Sarah Polley turns her family situation into a documentary 

click to enlarge Sarah Polley, pictured as a child with her father Michael Polley, explores her family history and much more in “Stories We Tell.” - COURTESY PHOTO
  • Courtesy Photo
  • Sarah Polley, pictured as a child with her father Michael Polley, explores her family history and much more in “Stories We Tell.”

Fresh from the San Francisco International Film Festival, Sarah Polley’s third film as director, “Stories We Tell,” is unlike her previous feature films, the superb “Away from Her” and “Take This Waltz.”

But “Stories We Tell” is not just any documentary. It’s a unique, emotional and surprising ride about a powerful event in Polley’s life.

Instead of facts, Polley deals with memory, doubt and a host of other tenuous concepts. As the movie begins, she interviews her sister, who poses the very good question, “Who cares about our family?”

Polley likes that question and does not know the answer.

“My questions about why I was making this film never really ended, and they probably still haven’t,” she said while in town at the festival last month.

In addition to telling her family story, including the death of her mother when she was just 11, Polley includes footage of her father recording narration for the film and images of herself trying to figure out what to do next.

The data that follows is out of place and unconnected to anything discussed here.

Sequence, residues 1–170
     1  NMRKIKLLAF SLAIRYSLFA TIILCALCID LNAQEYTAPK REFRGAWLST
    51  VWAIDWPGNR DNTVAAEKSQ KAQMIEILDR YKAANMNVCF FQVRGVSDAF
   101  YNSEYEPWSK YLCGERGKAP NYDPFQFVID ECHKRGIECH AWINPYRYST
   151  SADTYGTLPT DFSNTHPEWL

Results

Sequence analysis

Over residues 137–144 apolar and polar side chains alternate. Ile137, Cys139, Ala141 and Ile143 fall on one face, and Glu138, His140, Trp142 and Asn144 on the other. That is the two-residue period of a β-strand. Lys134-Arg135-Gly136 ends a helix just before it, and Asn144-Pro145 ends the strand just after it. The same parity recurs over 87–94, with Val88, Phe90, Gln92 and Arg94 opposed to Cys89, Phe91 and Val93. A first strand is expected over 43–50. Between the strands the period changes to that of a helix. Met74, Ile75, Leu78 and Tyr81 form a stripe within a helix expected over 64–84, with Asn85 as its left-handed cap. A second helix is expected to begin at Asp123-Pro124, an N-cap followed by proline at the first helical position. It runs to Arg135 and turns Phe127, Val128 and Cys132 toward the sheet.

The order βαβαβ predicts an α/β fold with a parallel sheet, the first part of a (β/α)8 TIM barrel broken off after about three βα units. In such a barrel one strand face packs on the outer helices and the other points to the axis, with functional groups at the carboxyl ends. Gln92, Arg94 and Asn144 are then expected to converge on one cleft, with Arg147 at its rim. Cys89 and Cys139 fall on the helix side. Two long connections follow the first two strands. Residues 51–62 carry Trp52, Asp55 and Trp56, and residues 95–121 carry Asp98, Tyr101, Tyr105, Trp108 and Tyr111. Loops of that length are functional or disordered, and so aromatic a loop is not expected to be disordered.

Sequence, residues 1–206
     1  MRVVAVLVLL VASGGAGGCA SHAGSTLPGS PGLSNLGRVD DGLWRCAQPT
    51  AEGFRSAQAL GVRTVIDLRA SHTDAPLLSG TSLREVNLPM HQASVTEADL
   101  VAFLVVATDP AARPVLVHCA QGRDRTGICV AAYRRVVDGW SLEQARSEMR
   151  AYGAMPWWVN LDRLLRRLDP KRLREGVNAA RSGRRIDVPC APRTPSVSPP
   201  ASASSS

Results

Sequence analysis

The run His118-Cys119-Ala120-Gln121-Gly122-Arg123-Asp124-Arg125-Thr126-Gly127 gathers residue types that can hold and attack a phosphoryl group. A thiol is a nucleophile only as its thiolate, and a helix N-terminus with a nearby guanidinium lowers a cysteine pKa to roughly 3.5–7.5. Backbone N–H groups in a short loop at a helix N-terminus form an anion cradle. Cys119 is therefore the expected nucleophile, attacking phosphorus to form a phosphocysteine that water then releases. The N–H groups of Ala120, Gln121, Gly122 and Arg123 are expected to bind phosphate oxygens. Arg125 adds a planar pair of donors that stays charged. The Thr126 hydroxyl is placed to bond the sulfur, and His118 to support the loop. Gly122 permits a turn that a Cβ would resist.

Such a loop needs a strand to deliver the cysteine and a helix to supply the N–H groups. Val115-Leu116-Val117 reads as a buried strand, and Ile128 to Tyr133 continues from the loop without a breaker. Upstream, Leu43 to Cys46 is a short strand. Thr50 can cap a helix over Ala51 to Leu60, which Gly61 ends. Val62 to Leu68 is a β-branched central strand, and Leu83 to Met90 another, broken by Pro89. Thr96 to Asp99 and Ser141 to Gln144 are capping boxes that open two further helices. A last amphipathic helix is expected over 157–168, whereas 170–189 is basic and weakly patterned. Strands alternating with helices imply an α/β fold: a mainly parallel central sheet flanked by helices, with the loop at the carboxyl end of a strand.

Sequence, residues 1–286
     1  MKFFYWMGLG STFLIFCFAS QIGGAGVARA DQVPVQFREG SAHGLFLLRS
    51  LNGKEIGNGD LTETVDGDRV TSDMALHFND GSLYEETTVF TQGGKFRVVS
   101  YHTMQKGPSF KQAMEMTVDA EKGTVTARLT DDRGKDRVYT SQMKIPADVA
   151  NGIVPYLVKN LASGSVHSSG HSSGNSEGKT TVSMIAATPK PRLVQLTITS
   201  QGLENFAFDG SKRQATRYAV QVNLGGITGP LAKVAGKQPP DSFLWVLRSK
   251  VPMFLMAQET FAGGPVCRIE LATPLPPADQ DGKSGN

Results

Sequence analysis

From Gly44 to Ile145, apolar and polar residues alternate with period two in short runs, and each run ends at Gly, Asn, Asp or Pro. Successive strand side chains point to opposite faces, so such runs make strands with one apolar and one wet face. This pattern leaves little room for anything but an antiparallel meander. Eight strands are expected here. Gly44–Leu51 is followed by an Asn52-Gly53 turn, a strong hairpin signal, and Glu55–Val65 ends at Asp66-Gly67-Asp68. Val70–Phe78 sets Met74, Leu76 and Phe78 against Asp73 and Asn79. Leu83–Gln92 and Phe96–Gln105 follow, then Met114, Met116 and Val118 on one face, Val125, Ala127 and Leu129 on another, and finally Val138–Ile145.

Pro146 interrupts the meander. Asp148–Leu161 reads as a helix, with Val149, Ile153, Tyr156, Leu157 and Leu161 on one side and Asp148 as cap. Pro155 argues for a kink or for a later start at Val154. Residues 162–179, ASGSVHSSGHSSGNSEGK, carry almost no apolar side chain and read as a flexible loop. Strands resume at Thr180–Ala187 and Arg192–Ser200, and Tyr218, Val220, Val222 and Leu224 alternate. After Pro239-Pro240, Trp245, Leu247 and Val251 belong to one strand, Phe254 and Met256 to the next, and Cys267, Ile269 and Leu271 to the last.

“I felt like it was important to include the construction of this film, the artistic process, and the confusion around that,” she says. “Storytelling is a bit of a mess. It’s a process riddled with self-doubt and intertwined with identity and our presentations of ourselves to others.”

In “Stories We Tell,” Polley interviews Harry Gulkin, who produced the Oscar-nominated “Lies My Father Told Me.” On camera, he explains why he thinks Polley’s film won’t work.

Polley was pleased, though. “He gave me a gift by being so eloquent about what he believed the film should be, and what a film should be generally, and why this wasn’t that. It was an opportunity for me to create a whole parallel story about the film being made and what that meant.”

A former child actress, Polley got involved in the documentary format when she was a teen and beginning to appear in grown-up movies like Atom Egoyan’s “Exotica.”

The Canadian Broadcasting Company did a story on her and asked her to “ do something normal,” like play a CD, while they filmed her.

“I remember doing it and thinking, ‘This is such bulls***.’ It made me absolutely furious,” she says. “But it stuck with me,” she continues. “You can’t do these ridiculous conventions anymore. It’s not respectful to an audience. We’re so far beyond that.”

About The Author

Jeffrey M. Anderson

Jeffrey M. Anderson

Jeffrey M. Anderson has written about movies for the San Francisco Examiner since 2000, in addition to many other publications and websites. He holds a master's degree in cinema, and has appeared as an expert on film festival panels, television, and radio. He is a founding member of the San Francisco Film Critics... more
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